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Managing two hectares of wilderness


We’ve been struggling for six years to carve a decent garden out of two hectares of heavy clay soil. We are lucky to have lots of water with a series of wells and springs, a pond, and a river, so even in dry weather we are never short of water.
The vegetable garden is manageable and we are trying increasingly to work it in the deep mulch fashion…. lots of organic matter on the surface and planting from modules into this, with additional compost. We can get a sustainable compost made from forest products in the locality, so no problems using unsustainable peat.
Keeping flower gardens weeded is the real problem as we have loads of horsetail, docks, Japanese knotweed etc. We are trying to plant in thick clumps and although the foxgloves have established, lots of other perennials have been lost. We are currently planting along the pond and river side by cutting down all the reeds and establishing clumps of canna, day lilies, hardy geraniums, ligularias etc. Some have established, but some have perished.
We thought it would be a milder climate here, but last winter we had minus 21C for a few days, and even the fig trees have been cut right back; lots of other plants lost completely.
We have established some sub tropical plants in a conservatory made out of ruined old buildings built into the hillside with solid stone walls. We’ve covered this with polycarbonate panels and found doors and windows for free at the local tip. We manage to get a really good crop of edible passion fruit here, but the guavas died back last winter and we lost the majority of the tender hibiscus. We have some pomegranates and citrus which we hope might fruit one day, as well as feijoas which are doing well.
The main dilemma is when to cut the weeds and grass as in spring lots of wild flowers, including orchids, come through, and we hate to cut them down. then when you start cutting in June or July, there are so many snakes which can be cut to pieces by the large mower! Last year I even killed some levrets (young hares) in the long grass by standing on them accidentally in the long grass.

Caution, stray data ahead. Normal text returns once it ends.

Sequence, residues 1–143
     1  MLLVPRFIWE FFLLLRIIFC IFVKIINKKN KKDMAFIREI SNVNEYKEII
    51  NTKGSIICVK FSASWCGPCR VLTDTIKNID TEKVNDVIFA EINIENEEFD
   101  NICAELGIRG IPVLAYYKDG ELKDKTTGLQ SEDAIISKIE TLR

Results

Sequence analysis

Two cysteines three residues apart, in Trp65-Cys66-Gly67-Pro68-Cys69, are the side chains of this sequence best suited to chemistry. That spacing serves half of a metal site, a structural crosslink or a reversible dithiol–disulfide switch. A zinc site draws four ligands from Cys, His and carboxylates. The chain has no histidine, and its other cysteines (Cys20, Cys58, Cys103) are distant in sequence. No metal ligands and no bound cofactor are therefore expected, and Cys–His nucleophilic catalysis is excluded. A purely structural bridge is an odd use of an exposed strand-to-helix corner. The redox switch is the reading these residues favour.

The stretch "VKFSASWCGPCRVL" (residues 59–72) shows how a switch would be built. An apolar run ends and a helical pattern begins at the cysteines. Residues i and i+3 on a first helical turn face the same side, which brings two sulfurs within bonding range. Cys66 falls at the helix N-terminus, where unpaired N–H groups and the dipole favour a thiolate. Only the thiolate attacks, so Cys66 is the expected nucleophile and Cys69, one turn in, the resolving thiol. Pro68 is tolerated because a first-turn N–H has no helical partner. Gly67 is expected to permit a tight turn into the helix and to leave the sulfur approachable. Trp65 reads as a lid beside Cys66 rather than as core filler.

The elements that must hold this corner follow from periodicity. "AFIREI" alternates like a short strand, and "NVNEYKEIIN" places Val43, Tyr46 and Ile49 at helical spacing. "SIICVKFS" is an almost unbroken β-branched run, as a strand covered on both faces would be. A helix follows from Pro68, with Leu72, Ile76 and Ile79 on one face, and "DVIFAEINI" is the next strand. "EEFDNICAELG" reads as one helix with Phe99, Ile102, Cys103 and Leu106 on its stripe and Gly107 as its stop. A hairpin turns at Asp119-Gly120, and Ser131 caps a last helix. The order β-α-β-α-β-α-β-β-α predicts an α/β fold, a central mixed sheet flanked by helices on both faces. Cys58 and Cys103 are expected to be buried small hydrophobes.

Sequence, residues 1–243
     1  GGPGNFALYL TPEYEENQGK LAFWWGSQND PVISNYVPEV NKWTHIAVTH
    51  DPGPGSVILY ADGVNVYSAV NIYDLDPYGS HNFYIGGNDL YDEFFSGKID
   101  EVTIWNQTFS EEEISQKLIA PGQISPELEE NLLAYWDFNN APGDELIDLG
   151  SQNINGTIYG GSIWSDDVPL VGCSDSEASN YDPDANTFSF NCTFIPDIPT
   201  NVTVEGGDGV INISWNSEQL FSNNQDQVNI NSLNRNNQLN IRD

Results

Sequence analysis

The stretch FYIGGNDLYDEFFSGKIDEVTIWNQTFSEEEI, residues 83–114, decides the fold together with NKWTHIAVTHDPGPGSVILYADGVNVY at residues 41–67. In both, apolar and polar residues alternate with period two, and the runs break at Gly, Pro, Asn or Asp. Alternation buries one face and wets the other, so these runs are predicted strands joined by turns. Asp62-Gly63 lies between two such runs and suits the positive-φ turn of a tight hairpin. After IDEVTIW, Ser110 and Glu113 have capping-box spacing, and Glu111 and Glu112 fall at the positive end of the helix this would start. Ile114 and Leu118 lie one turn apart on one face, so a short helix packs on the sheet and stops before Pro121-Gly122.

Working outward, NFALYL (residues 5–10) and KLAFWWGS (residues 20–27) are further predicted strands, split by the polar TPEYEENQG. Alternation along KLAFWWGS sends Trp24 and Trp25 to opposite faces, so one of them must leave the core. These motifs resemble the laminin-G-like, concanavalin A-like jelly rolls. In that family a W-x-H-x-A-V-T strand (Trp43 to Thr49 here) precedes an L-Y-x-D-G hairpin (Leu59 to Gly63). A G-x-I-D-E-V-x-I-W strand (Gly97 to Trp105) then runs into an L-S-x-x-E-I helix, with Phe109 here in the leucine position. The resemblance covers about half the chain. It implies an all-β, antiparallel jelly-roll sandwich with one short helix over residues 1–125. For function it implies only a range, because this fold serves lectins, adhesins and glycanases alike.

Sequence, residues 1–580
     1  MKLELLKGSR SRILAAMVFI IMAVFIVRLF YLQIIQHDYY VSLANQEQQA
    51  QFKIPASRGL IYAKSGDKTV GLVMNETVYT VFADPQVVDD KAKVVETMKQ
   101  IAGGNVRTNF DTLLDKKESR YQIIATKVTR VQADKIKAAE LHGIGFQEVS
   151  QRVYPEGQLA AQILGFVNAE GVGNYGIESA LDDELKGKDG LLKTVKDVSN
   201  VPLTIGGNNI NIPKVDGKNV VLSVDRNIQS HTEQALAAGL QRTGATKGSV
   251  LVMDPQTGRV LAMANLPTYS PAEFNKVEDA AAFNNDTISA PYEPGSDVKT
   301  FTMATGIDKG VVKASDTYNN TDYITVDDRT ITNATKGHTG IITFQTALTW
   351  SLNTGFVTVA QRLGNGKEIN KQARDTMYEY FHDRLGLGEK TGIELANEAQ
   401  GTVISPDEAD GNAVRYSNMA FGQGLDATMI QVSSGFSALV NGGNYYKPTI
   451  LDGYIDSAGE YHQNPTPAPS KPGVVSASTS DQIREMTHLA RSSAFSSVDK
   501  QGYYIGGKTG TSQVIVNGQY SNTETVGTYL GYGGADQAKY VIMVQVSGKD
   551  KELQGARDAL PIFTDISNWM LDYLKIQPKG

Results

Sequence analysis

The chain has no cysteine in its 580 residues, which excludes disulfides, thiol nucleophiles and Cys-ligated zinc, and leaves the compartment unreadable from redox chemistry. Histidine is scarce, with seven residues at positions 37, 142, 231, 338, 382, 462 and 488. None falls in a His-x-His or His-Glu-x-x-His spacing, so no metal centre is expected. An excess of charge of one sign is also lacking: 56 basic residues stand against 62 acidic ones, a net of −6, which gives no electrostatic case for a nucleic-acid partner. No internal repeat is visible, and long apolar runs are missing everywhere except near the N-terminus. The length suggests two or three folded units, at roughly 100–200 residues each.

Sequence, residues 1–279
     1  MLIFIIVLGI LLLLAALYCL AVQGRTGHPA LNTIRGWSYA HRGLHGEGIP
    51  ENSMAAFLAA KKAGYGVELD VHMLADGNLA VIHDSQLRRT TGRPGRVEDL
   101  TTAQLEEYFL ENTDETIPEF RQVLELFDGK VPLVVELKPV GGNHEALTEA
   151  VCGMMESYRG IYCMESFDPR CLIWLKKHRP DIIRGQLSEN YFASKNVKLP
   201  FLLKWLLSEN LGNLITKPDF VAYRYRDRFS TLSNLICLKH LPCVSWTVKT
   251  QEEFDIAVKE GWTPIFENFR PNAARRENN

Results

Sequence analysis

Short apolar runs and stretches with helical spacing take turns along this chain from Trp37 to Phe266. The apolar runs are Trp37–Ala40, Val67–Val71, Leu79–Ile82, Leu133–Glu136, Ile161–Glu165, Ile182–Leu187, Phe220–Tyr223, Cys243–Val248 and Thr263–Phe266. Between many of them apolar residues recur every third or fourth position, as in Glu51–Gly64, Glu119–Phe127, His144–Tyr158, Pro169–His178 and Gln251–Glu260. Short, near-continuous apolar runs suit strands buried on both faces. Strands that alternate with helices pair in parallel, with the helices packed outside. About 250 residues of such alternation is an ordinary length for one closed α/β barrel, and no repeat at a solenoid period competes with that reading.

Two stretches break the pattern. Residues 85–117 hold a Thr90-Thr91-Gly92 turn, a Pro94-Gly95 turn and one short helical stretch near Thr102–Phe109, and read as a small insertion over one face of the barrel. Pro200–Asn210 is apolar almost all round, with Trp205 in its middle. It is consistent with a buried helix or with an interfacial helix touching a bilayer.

One huge area amongst the trees has seeded with salsify, which produces a whole sea of purple flowers in the morning at this time of year; we are leaving them in the hope that they will seed again all around the plot. We can harvest both the flower buds which are very tasty and of course the roots in the winter as ordinary salsify.
We sowed a mass of phacelia a couple of years ago, which makes a wonderful bee and insect plant, and this is still coming up all over the place.
Our garden is wonderful, but getting the balance between just leaving things to go wild and managing and cultivating it is very difficult and frustrating.

More blog posts by bertiefox

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a lovely place to have. lucky you.

17 May, 2009


You are doing a fantastic job...and seem to be achieving that delicate balance well.What a mammoth task with the weed " giants " ! Horsetail is notoriously difficult to get rid of,and knotweed....say no more ! Well done so far !

17 May, 2009


I've just planted salsify - I should have asked you for some seed!

17 May, 2009


Oh, boy. I couldn't cope with that lot. No wonder you have problems. Still, I'm sure you'll get there in the end. It looks lovely. :o)

17 May, 2009


welcome to of luck with your continuing efforts.

18 May, 2009


looks like a labour of love and what you have achieved is fantastic

18 May, 2009


It all looks very beautiful:-)

11 Oct, 2009

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